I think this card has an incredible effect, but I don’t believe that it makes Darkrai-EX good enough, even still, to be playable once more. In order to make room for Darkrai-GX on your Bench, you’ll have to play Sky Field. Resurrection is the main draw to this card, obviously, since it can power up Darkrai’s Dark Pulse. Its other attacks are alright, but without a way to inflict a Special Condition on your opponent like Salazzle, you won’t get any use out of Dead End GX in the average game.
Gardevoir-GX 093 |
Here’s the ultimate gem of Burning Shadows. Everything about Gardevoir-GX is amazing, from top to bottom. Secret Spring can help you get to higher Infinite Force numbers for Knockouts, while Twilight GX can smash Garbodor decks by putting all of your Items back into the deck. Metal types are pretty obsolete right now, and Darkness type Resistance is a good one to have. When you get multiple Gardevoir-GX into play, you’ll be able to accelerate tons of Energy and hit for full potential. This deck is going to thrust itself into the limelight, and looks to be the most popular deck choice for the World Championship.
Diancie 094 |
I prefer Alolan Vulpix as a starter in Gardevoir-GX decks, but Diancie can serve the same purpose when setting up. Sparkling Prayer is cool to use to go from Kirlia to Gardevoir in the same turn, or to immediately Evolve a Ralts into Kirlia. I don’t like the fact that it costs an Energy to use the attack, since with limited switching cards in a Gardevoir-GX deck, it’s hard to actually pull the attack off on your first, or even second turn. It has some awesome potential, though.
Ribombee 096 |
The Ability on this card is the main attraction. A “Professor’s Letter”, if you will, you can do it every single turn. In conjunction with Gardevoir-GX, or something else that lets you attach extra Energy from your hand, this can be very powerful and set up some big attacks. Starmie from Evolutions can effectively do the same thing, but from the discard pile, so it’s kind of up to the user to determine which of the two cards is better for a certain deck.
Noivern-GX 099 |
I think people have rightfully put this card in its place, which is not really a place at all. With Gardevoir-GX living up to the hype, Noivern-GX will not see its day in the format. While it is a great card on paper, it cannot stand up to a Fairy type Pokemon, and there’s nothing realistic that a Noivern-GX deck can do to counter Gardevoir-GX. In addition, I’m afraid its damage output is not nearly enough to contend, either. Many decks are playing high Supporter counts, and can do damage for very minimal effort. If a deck can two-shot a Noivern-GX, then the Noivern’s going to be in for a hard time.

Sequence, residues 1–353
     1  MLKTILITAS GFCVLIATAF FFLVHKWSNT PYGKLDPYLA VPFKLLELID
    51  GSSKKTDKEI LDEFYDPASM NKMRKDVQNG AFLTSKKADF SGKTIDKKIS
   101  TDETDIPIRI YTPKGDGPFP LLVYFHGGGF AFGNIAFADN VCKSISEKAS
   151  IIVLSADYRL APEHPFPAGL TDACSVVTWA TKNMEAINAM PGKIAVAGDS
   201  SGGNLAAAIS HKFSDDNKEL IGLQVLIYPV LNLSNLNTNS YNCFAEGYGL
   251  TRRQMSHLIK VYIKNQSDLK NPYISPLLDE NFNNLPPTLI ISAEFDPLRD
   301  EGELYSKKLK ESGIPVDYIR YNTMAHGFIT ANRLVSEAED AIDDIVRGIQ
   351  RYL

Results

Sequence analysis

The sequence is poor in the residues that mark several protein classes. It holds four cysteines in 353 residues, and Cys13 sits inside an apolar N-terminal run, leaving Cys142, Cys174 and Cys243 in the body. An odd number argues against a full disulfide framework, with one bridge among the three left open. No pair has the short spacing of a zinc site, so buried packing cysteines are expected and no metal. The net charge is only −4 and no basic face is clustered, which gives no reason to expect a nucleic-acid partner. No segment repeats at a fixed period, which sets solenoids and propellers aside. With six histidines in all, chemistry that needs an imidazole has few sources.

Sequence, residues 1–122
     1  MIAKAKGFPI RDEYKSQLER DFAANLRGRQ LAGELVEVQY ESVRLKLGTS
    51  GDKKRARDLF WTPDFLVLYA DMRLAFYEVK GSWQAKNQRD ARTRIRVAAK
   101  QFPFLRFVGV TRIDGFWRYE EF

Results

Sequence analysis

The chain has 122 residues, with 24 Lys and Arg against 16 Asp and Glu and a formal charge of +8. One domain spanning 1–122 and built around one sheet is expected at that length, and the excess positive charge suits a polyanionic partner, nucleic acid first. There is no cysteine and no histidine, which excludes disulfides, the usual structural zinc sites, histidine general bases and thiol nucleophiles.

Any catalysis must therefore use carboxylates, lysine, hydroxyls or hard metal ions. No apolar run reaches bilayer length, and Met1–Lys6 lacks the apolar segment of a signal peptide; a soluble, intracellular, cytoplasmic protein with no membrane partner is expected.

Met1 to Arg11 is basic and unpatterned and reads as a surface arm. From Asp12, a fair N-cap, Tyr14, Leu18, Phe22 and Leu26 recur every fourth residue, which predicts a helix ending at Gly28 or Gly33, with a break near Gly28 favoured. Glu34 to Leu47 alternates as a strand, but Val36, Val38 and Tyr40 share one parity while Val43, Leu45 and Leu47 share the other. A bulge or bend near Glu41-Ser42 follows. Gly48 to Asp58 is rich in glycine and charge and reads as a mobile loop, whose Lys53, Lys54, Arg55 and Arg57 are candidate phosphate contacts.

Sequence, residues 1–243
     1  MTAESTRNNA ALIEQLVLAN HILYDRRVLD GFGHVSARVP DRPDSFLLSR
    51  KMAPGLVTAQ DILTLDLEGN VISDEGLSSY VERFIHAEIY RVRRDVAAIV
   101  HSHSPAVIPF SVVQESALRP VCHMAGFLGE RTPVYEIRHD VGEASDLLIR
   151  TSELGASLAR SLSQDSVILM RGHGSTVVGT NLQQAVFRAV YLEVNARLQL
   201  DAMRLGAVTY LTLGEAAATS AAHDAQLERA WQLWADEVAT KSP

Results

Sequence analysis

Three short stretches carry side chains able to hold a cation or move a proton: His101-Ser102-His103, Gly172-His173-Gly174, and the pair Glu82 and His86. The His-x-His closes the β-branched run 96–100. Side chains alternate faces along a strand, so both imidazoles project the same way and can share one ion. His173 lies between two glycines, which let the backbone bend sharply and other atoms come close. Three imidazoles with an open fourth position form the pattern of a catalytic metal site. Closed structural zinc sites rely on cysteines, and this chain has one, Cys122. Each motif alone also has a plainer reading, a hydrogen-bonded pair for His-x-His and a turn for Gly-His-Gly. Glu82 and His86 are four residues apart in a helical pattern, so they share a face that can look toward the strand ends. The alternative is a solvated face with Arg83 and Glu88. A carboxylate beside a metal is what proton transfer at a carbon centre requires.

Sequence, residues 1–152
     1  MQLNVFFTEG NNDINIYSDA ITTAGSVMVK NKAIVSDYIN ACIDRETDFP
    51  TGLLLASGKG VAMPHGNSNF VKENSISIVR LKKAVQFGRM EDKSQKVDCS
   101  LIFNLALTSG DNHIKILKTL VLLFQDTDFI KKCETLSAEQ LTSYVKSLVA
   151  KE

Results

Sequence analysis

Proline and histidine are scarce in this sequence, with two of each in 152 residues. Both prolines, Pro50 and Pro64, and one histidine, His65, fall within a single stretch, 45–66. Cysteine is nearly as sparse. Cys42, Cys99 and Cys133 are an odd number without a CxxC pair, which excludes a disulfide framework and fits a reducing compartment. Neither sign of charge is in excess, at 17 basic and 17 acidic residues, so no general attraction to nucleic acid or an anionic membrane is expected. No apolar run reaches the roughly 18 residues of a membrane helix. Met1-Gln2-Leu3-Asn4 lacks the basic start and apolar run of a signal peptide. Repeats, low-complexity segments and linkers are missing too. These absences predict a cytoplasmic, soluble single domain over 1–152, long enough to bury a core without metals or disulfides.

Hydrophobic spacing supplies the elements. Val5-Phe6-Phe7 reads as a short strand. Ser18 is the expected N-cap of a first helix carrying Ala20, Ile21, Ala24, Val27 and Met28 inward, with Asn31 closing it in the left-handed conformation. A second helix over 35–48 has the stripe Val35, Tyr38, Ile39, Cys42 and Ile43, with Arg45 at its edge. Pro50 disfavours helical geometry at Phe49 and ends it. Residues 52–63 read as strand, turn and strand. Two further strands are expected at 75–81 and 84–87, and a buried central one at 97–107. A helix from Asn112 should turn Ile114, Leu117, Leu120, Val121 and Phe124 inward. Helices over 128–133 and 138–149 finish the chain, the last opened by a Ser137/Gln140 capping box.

Zygarde 100 |
Dare I say it, this card could be a decent inclusion in a Dragonair / Darkrai-EX Deck? After a terrible showing with that deck, I wouldn’t play it. Other than in that archetype, I don’t think Zygarde will be seeing much action. If something with a Dragon Weakness ever arises, this is a splashable tech to counter it, however.
Porygon-Z 105 |
As a Stage 2, this card has limited playability. However, it’s Ability is pretty nifty. There’s a Porygon-Z from Ancient Origins that can Devolve as many of your own Pokemon as you like, and with that, you could continually use Format. In Expanded, if you paired it with something like Forretress from FlashFire, you could have an effective spread deck idea.
Bewear 111 |
Here’s yet another Bewear, and this time, it’s a gimmicky deck out card. If you played Victini from Guardians Rising, you could get two chances to flip heads and discard three of your opponent’s cards. Tantrum isn’t great, either.
Acerola 112 |
Remember AZ from Phantom Forces? Acerola is that, but even better! AZ made you discard all cards attached to a Pokemon after use, while Acerola doesn’t. The only “downside” is that your Pokemon has to be damaged in order to use it, but that’s not a huge problem since you won’t usually be using it unless your Pokemon is damaged anyways.
Bodybuilding Dumbbells 113 |
This card is interesting, but disappointing overall. I like cards that help you during your turn, not just in your opponent’s turn, especially with Field Blower around. Bodybuilding Dumbbells might increase your HP for a turn, only to be taken off with a Field Blower shortly after. A card like Choice Band is much better than this card in the long run, since you’ll get the damage addition immediately, rather than having to wait around to see if the extra HP even sticks.
Guzma 115 |
Ever want to fit an Olympia in a deck, but just couldn’t find the space? Well, now you can, along with a Lysandre built right in! Guzma combines the best of both worlds into one card. It’s going to be a staple in most decks that have a way to either attack for a limited cost, or have a way to easily switch back into the Pokemon they want to attack with. Some decks might opt to run a split of Guzma and Lysandre, in many cases.